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Bradshaw’s Guide

Choir East, Lichfield Cathedral, England. Taken between ca. 1890 and ca. 1906. Original: Library of Congress

Lichfield

Lichfield, a small cathedral town and parliamentary borough (two members), on the Trent Valley line, where the Burton and Dudley intersects it, 116 miles from London. A branch of the Trent (which is 3 miles off) runs through. Population, 6,893. Famous for its ale.

There is a tradition that at a spot called Christian Field, a great number of martyrs were put to death in the third century by the Romans (who had a station at Etocetum, close by); and hence the name of the town is derived, lich being Saxon for a dead boy, as we see to this day, in the old Lich-gate, near some churches.

At the corner of Sadler Street is the house in which Johnson was born in 1709, then a bookseller’s shop, kept by his father, Michael Johnson, who built it on a piece of land belonging to the corporation. It is a high house, resting on two pillars, with, pilasters at the corners, and a projecting cornice. When the Doctor became famous the citizens, out of regard to him, renewed the lease at a long term without payment of a fine. The registry of his baptism is to be seen at St. Mary’s opposite. Before he went to Oxford, he had half learnt his father’s business, so that books of his binding are said to be still extant.

Nichols, in his Literary Anecdotes, says, Johnson always spoke of his birth-place with enthusiasm, “Its’ inhabitants were more orthodox in their religion, purer in their language, and politer in their manners, than any other town in the kingdom”—a high character, which we hope it still deserves. In the Market-place fronting the house, is his statue, near the old market house. Edward VI.’s Grammar School, in which that genius was trained, rebuilt in 1850, in the Tudor style. Here Addison, Garrick, Bishop Newton, who wrote on the Prophecies, Salt, the Egyptian traveller, and other eminent men, were educated. The Doctor used to say that his master, Dr Hunter, never taught a boy in his life; he whipped and they learned. He was a pompous man, always wearing his gown and cassock, with a full dressed, wig. He had a remarkably stem look; so that the great Ursa Major himself (the terror of Whigs and small literary fry) would tremble at the sight of Miss Seward, owing to her resemblance to her grandfather Hunter. St John’s Hospital is a very ancient foundation. To the north-west of the city, in that division called the Close, is the Cathedral, marked by its three conspicuous tapering spires, and dedicated to St. Chad. It was founded as far back as 665, and afterwards made the seat of an archbishop; but the present building was begun after the Conquest (when Roger de Clinton built a castle and priory here), and finished in 1296. It suffered from the Puritans, who captured the town in 1643, when their leader, Lord Brooke, was shot through the eye, by an accidental shot fired by a deaf and dumb man. At the Restoration, Bishop Hacket collected 20,000l. to renovate it It is 410 feet long, the centre steeple 260 feet high, the other two, over the west front, 190 feet At this end-are the great wheel window, and many large figures of Scripture and other characters. The decorated English porches, and the choir, deserve notice; as well as the effigies of Bishop Langton (who built the screen and Lady chapel), Bishop Hacket, and one of the Stanleys, the monuments of Johnson, Garrick, Lady Wortley Montague, and the celebrated one ascribed to Chantrey, of Mrs. Robinson’s Sleeping Children—which is said, on good authority, not to be a work of Chantrey, but of one of his pupils, from a design given by another pupil, who was an Italian. Westmacott’s bust of Johnson is in the Dean’s Court, on the south side; it was placed there by his friends. Another to Garrick, by his widow, has an inscription ending with Johnson’s well known eulogy:—”His death eclipsed the gaiety of nations, and impoverished the public stock of harmless pleasure.” Among the curiosities in the Chapter House are the Gospels in Saxon, an illuminated copy of Chaucer, and a Koran. The old palace, Vicar’s College, and prebendal houses, are within the Close, the bounds of which are marked by a dry moat. Coventry diocese is now merged in that of Lichfield.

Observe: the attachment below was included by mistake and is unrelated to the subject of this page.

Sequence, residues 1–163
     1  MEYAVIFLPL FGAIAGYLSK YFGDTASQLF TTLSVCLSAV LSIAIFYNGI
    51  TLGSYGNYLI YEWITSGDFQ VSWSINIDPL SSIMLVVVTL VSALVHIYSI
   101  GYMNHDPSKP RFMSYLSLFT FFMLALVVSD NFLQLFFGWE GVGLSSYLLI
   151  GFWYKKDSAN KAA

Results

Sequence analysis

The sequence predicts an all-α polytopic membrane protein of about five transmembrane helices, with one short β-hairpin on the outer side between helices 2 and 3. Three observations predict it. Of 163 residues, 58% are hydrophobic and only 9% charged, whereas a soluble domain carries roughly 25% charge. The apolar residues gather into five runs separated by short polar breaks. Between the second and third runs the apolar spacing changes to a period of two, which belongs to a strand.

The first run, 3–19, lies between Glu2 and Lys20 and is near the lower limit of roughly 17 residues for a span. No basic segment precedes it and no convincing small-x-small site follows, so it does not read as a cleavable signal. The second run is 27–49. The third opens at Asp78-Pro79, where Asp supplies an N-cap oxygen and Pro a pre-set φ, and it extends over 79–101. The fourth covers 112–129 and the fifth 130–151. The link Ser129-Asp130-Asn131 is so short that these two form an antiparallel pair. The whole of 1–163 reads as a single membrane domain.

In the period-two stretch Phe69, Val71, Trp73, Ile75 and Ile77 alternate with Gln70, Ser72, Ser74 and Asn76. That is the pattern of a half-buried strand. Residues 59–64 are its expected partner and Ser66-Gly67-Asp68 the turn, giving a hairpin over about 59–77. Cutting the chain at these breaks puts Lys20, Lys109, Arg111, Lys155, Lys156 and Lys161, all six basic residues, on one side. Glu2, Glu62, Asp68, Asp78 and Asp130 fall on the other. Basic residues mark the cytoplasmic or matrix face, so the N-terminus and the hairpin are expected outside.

Richard II. was confined in the castle, on the site of which are erected Newton’s Alms-houses.

There are three other churches, of which St. Chad’s is the oldest, and St. Michael’s (marked by a tower) contains Johnson’s epitaphs on his parents and brother. A Court, of Array, one of the most ancient remnants of feudal times, is still held here at Whitsuntide. Queen Victoria, when Princess, paid Lichfield a visit in 1832, with the Duchess of Kent, her mother; and again after she became Queen of England, in 1843.

In the neighbourhood of the city, the following may be visited. Edial or Edgehill, an old high-roofed house, where Johnson lived in 1736, when Garrick was his pupiL At Stow Hill, he wrote a good part of Ms “Lives of the Poets,” when staying with the Astons, ” frequently surrounded by five or six ladies engaged in work or conversation.” It was here he scrambled over the great gate one day, having a mind (he said) to try whether he could climb a gate as he used to do when a lad. Reeford, seat of General Dyott, an ancient family. Swinfin, S. Swinfin, Esq., another old family. Dr. Swinfin was Johnson’s godfather. Elmhurst, N. J. Lane, Esq.

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Places nearby

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